Essex county council’s new social care trading company could earn the authority upwards of £3m a year in dividends and may take over the running of some local primary care trust services, bosses have revealed.

The county has transferred 850 staff to Essex Cares this year and expects to deliver services more closely in touch with the social care personalisation agenda to both council-supported and self-funded residents.

Group managing director Mike Walsh said the company had submitted a declaration of interest to South West Essex PCT, which is currently putting its provider services out to tender, and could offer services across county borders.

He said it was also expected to return dividends of around 10 per cent of its annual turnover – currently estimated to be around £30m – to sole shareholder Essex CC.

As the country’s first social care based local authority trading company, Essex Cares will combine the council’s former community support services – including day care, domiciliary care and re-ablement services - and the county’s former equipment service.

It also includes employment and inclusion services for people with learning disabilities.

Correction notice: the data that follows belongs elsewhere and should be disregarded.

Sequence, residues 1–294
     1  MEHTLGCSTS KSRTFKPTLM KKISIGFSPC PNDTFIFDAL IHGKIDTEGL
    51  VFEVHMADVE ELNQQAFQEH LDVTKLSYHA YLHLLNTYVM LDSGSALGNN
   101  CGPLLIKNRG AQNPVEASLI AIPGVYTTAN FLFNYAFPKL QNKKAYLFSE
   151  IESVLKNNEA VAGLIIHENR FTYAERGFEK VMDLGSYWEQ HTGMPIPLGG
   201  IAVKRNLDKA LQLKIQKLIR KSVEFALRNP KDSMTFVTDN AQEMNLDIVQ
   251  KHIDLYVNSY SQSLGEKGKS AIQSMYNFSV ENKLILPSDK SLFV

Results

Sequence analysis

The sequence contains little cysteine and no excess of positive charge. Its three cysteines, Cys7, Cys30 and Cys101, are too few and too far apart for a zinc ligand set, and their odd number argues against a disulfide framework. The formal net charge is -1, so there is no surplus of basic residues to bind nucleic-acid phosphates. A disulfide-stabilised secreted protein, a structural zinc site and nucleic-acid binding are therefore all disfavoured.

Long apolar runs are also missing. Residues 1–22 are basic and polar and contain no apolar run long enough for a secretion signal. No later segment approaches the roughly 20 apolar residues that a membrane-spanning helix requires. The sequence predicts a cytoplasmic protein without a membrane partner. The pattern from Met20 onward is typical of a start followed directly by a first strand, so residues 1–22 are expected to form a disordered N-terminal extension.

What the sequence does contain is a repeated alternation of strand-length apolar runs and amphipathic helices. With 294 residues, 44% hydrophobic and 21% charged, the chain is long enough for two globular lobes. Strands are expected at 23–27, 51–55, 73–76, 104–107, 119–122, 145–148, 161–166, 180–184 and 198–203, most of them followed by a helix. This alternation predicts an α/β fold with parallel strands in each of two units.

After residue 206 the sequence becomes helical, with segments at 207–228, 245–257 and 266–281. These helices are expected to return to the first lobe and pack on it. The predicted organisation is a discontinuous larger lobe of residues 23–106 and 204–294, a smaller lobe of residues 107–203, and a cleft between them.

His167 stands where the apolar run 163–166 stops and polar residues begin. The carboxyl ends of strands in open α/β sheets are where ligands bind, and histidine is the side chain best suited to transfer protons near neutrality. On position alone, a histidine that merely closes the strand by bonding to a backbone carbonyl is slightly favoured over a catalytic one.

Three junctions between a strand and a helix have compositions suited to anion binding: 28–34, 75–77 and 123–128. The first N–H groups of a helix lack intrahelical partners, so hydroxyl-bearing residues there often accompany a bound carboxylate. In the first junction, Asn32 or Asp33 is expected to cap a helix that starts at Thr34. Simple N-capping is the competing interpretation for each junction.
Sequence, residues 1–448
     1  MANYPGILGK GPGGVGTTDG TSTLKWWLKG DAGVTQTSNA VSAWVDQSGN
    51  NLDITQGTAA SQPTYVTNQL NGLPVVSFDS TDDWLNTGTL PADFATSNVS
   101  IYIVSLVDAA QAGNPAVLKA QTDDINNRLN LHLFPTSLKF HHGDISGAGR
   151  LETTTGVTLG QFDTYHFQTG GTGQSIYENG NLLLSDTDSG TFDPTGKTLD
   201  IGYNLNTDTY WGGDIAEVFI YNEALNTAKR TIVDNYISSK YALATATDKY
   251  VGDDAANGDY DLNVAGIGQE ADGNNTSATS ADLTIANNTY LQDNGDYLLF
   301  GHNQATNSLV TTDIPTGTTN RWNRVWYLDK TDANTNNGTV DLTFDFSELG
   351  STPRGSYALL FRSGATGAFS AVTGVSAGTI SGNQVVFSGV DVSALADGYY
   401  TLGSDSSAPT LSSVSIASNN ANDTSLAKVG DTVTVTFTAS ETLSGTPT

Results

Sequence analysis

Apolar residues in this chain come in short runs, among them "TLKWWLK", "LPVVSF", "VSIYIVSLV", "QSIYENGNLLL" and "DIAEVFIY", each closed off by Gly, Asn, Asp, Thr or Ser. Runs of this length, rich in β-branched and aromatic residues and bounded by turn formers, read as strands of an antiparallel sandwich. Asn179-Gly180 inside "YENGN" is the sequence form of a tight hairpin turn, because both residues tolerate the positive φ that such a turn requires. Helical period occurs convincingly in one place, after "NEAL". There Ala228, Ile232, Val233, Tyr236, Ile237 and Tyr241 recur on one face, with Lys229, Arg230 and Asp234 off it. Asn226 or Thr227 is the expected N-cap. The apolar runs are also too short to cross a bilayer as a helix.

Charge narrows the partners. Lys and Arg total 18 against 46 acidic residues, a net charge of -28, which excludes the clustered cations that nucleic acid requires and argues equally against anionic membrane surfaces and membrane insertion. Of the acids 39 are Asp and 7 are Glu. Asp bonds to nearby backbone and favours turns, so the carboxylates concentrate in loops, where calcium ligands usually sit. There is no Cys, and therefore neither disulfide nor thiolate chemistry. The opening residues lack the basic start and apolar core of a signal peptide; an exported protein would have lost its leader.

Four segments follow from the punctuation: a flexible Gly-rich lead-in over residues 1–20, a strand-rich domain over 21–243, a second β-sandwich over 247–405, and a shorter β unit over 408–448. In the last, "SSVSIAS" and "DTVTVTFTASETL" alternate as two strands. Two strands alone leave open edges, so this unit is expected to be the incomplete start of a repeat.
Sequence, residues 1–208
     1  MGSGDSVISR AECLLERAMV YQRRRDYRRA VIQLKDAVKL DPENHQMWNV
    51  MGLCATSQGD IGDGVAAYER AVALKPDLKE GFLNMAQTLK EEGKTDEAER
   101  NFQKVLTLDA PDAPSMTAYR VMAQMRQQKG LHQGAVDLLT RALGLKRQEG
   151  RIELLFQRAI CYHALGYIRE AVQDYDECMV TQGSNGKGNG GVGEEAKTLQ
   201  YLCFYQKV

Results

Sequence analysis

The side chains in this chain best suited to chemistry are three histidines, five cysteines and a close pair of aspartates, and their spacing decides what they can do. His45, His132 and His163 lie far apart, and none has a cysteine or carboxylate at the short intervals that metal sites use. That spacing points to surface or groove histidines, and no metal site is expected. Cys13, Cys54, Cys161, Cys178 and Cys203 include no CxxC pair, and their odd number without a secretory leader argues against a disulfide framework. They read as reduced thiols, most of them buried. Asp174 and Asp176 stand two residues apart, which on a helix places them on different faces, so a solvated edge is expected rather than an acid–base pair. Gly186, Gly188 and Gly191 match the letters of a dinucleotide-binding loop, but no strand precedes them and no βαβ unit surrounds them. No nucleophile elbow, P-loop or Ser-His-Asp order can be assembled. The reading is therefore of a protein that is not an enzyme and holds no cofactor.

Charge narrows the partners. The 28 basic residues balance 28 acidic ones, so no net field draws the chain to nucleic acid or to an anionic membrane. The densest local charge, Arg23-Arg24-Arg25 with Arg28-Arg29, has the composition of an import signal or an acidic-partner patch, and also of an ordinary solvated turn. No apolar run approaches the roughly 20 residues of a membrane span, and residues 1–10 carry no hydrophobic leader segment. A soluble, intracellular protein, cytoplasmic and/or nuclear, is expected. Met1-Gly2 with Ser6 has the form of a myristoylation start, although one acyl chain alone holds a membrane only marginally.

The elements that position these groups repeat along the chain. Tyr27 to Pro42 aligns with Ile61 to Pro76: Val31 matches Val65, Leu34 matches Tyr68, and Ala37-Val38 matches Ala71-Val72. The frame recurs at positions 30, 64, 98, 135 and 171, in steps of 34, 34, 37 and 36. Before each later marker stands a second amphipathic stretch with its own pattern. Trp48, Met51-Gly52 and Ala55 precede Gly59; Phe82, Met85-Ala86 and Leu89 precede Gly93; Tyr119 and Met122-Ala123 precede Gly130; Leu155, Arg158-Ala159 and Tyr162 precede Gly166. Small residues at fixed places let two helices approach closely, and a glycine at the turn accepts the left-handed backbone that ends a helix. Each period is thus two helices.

Mr Walsh said local authority trading company status gave Essex Cares more flexibility to market its services in addition to catering to its current 10,000 service users, leaving the council with a “commissioning based” role.

“It’s very similar to a social-enterprise model - it allows us to do is to trade by being outside the council,” he said.

Liz Chidgey, the county’s deputy executive director for adults, health and community wellbeing, said Essex Cares’ contract would initially be for three years and would offer an “excellent opportunity” to investigate ways traditional service boundaries could be broken down.

“I don’t think it’s going to be the answer to everything, but it is a great way to test and shape the market,” she said.

Andrew Cozens, strategic adviser for children, adults and health services at the Improvement and Development Agency, described the move as “a very interesting development” and as innovative as Hampshire CC’s construction of nursing homes to head-off bed-blocking problems earlier in the decade.

From Local Government Chronicle.